My father teaches me how to intimidate people with a word or a glance. He tells me, “Don’t carry a dagger, carry a club: they’ll never expect a girl to go at them with a blunt instrument.” Don’t laugh: it’s good advice. I’m no cliche blade-wielding lady. And I couldn’t hit the broad side of a windmill with an arrow. But I do have surprisingly good upper body strength, and I know where a man’s kidneys are.
Not that I’ve ever had to use a club. Honestly, rocks are more readily available, less obvious, and just as effective. No one stupid enough to get in my way would ever think my physical closeness meant any danger to them at all.
So I walk up to the fountain and look over the Land of Breeze. And I smile. I smile like everyone else smiles, but for a very different reason.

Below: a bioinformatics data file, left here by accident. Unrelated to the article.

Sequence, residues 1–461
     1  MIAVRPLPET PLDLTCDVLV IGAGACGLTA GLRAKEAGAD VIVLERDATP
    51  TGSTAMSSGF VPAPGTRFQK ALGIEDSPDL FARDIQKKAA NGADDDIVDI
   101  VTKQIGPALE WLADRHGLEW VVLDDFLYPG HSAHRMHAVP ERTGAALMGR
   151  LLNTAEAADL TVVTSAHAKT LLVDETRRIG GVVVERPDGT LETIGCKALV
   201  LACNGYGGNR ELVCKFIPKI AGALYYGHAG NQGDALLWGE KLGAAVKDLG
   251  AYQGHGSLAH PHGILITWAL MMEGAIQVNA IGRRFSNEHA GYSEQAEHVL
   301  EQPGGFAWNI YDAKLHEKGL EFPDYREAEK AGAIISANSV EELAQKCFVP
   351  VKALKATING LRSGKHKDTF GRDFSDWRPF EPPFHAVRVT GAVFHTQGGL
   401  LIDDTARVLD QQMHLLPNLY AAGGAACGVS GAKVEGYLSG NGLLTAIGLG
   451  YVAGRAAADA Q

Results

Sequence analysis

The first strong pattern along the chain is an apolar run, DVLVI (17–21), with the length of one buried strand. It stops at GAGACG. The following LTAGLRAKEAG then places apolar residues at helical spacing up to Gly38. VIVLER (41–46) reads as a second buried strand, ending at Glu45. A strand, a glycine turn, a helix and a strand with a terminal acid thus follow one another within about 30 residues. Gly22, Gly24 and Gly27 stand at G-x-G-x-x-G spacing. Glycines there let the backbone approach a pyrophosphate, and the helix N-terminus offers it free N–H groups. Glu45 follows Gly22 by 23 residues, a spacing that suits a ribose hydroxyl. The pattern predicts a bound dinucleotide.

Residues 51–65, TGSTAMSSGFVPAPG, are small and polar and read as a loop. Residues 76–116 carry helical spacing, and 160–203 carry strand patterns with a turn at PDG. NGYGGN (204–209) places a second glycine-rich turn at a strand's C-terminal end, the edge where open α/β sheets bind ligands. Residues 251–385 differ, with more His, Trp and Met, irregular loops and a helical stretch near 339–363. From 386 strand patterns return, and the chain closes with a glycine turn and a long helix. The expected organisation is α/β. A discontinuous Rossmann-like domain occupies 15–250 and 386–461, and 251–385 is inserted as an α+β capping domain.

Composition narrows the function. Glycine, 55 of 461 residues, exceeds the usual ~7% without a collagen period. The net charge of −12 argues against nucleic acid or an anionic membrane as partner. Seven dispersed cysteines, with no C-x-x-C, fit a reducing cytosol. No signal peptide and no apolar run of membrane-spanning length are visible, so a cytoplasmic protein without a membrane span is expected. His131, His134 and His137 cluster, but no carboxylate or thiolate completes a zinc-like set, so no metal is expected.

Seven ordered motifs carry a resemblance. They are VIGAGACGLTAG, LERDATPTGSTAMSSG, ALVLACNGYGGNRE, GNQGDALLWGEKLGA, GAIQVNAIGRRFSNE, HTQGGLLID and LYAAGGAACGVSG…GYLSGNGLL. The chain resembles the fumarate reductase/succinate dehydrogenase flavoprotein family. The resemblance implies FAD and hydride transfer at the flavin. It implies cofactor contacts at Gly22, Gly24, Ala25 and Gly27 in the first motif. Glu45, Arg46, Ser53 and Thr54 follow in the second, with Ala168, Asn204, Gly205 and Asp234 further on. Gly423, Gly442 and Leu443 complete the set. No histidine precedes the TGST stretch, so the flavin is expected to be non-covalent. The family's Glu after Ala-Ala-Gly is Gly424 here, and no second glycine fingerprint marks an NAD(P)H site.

She moved through the Faire
by Saffia Widdershins
Thomas leaned over me as I sat on the rim of the fountain.
“It will not be long, love, till our wedding day.”
He reached out his hand and stroked it over my shoulder, and then took the edge of the neckline of my gown between his fingers and adjusted it, pulling it upwards.
“Please leave it,” I said, trying hard to keep the edge of sharpness out of my voice. “I do like to feel the warmth of the sun on my shoulders.” For it was indeed a beautiful day, with just breeze enough to keep our lovely windmills turning.
He smiled then, that gentle, half smile that I had grown to dislike so much, the smile of someone who always knew better than I did. Someone who was always right.
“It’s not modest though, is it?” he said. “To be showing your … shoulders like that.”
Yet as he said that his eyes moved lower down, to where the curve of my breasts showed.
“Perhaps a little cape,” he said. “To cover your shoulders and … the rest. Like a good, modest wife.”